The 2016 Summer Olympic Games in Rio de Janeiro have kicked off in style, with a spectacular opening ceremony at the city’s Maracanã stadium. After months of speculation, the design of the two Olympic cauldrons was revealed, with one ‘public’ cauldron at the Praça Mauá (Plaza Maua) area near Candelária Church (as I wrote in June), and a larger ‘ceremonial’ cauldron in the stadium.
The ‘ceremonial’ cauldron in the Maracanã stadium was lit by Brazilian marathon runner Vanderlei Cordeiro de Lima. For non-athletics enthusiasts, Cordeiro may be best remembered as the unfortunate runner who was attacked by a crazed spectator as he completed the 2004 event in Athens. Cordeiro stood in for football legend Pele, whose ill health prevented him from taking part.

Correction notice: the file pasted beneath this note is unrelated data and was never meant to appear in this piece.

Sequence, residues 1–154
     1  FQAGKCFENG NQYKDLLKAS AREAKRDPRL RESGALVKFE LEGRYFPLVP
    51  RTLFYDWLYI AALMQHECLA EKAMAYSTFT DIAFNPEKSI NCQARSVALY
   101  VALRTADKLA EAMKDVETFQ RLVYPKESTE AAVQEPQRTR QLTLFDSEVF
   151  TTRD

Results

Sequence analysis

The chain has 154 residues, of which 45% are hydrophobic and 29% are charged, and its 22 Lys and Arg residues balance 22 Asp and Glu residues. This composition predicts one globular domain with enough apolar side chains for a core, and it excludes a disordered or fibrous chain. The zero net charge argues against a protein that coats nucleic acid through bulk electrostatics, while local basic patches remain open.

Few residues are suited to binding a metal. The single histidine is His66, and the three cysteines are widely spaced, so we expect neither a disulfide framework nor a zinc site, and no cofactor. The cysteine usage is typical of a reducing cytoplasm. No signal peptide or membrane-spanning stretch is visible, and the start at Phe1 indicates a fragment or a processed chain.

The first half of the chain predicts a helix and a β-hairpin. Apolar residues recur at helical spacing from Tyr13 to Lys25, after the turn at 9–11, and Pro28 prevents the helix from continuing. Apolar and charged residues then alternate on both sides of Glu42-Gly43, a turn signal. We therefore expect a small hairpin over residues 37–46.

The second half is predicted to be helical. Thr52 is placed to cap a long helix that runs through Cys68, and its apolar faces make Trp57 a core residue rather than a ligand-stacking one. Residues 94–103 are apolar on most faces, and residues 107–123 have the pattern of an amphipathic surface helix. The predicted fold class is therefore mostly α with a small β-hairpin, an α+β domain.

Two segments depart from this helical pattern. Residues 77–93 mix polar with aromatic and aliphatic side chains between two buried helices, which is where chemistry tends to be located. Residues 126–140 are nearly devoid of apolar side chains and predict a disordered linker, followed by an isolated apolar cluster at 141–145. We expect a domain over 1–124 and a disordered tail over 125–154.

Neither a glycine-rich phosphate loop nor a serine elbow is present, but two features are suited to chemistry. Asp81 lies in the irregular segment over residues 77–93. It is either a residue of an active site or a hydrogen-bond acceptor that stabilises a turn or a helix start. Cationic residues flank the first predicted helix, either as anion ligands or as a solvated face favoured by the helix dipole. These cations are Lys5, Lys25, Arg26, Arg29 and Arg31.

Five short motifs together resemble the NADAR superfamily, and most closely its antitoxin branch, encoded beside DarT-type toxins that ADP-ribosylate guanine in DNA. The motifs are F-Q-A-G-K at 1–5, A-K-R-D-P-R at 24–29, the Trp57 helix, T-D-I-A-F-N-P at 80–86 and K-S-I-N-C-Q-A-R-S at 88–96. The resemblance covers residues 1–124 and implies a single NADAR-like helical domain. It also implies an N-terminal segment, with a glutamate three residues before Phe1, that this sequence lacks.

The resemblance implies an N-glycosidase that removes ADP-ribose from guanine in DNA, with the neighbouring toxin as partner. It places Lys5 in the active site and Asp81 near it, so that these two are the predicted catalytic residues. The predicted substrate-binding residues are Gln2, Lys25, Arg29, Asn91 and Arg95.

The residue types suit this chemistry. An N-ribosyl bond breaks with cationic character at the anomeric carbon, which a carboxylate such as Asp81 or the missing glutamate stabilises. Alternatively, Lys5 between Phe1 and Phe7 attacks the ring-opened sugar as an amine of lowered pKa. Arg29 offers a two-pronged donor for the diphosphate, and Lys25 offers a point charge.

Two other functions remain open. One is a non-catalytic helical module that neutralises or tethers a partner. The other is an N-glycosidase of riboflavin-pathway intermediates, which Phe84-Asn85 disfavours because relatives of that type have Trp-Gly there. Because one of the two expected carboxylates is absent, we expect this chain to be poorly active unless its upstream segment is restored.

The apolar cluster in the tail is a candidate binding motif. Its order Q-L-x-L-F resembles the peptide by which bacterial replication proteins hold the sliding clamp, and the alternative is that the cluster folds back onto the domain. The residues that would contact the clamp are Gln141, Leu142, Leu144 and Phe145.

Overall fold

The simple ball-like cauldron then rose, seemingly by itself, to rest in the centre of a dramatic kinetic sculpture. Designed by artist Anthony Howe, the wind-powered structure twists and spirals to represent a blazing sun.
Meanwhile the ‘public’ cauldron in Plaza Maua follows a similar design, but with a more abstract, colourful, arty makeover. The two cauldrons, but particularly the first one, are designed to reflect our spiralling lives, and raise awareness about the fragility of our natural environment.
The Olympics Games will continue over the next 16 days, culminating in the closing ceremony at the Maracanã stadium on the 21st August.